man only escaped unhurt. Cordova, though wounded in twelve tives.
places, directed a retreat with great presence of mind, and his men, with much difficulty regaining the ships, hastened back to Cuba, where, ten days after their arrival, Cordova died of his
wounds. Newfound- The cod fishery on the banks of Newfoundland had already land fish
attracted the attention of several European nations; for fifty ery.
Spanish, French, and Portuguese ships were employed in it this year.
1518. DON DIEGO VELAZQUEZ, governor of Cuba, encouraged by Voyage of the account that he received from those who went on the expeGrijalva. dition with Cordova, now fitted out a second armament.
Juan de Grijalva, to whom he gave the principal command of the
enterprise, sailed on the 5th of April from St. Jago de Cuba, Discover with four ships and 200 Spanish soldiers, to Yucatan; discovered the Mexi
the southern coast of the bay of Mexico to the province of and calls Panuco toward Florida ; and first called the country New Spain. thew Smirno In this voyage he discovered the island of Cozumel; also an
island, which he called the Island of Sacrifices; and another,
1 The port, from which Cordova sailed, is called in the language of Cuba, Agaruco; in that of Spain, La Havana. B. Diaz, i. 3. Purchas, v. 1415.—Bernal Diaz de Castillo, who was with Cordova in this expedition, gives this account of the origin of Catoche: An Indian chief, who came with 12 canoes to the Spanish vessels, made signals to the captain, that he would bring them to land, saying “ Con-Escotoch, Con-Escotoch," which signifies, “ Come to our town," whence the Spaniards named it Punta de Catoche.-0f Campeachy Herrera gives this account: The Indians called the place Quimpech, whence the name of Campeachy—“y los Castellanos le llamaron Campeche.”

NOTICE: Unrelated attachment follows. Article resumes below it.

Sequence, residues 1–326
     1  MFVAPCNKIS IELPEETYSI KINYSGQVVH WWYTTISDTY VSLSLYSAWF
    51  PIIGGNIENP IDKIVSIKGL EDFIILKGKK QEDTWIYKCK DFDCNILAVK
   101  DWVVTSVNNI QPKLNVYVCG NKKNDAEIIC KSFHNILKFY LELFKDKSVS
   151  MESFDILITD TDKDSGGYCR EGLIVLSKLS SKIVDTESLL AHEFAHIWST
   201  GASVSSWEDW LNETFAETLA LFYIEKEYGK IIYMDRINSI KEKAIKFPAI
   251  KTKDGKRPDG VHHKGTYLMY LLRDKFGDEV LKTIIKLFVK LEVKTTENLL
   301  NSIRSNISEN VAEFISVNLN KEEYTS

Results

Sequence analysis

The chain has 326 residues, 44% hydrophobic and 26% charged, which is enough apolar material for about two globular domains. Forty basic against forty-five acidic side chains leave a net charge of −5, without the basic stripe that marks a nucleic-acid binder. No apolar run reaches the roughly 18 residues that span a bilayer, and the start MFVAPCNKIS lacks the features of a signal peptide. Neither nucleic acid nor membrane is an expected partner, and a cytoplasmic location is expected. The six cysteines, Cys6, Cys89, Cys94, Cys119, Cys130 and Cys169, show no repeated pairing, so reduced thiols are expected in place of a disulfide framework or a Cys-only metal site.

2 Purchas, i. 783. P. Martyr, 289, 290. Herrera, d. 2. lib. 2. c. 17, 18. B. Diaz, i. c. 1. Robertson, b. 3. Univ. Hist. xli. 468.
3 Anderson, Hist. Commerce, ii. 34. That respectable author says, this is the first account we have of that fishery. But he allows, that French vessels came on the coast of Newfoundland as early as 1504; and the French writers are probably correct in affirming, that they came that year to fish. See A. D. 1504.-If Hakluyt's conjecture is right, we are indebted to Sir Thomas Pert and Sebastian Cabot for the above information respecting the Newfoundland fishery. He supposes that Oviedo, a Spanish historian, alludes to their voyage (see A. D. 1516.), when he says, “ That in the year 1517, an English rover under the colour of travelling to discover, came with a great ship unto the partes of Brasill on the coast of the Firme Land, and from thence he crossed over unto this island of Hispaniola" &c. This English ship, according to Anderson, had been at Newfoundland, and reported at Hispaniola the above statement of its fishery. See Hakluyt, i. 516, and iii. 499.
4 Herrera, d. 2. lib. iii. c. 9. Purchas, i. 783, 812, 813. B. Diaz, i. c. 9-14. De Solis, lib. 1. c. 7, 8. Robertson, b. 3. Prince, 1518. Encyclop. Methodique, Geog. Art. MEXIQUE. Alcedo, Art. ULUA.
which he called St. Juan de Ulua ; and heard of the rich and 1518. extensive empire of Montezuma.'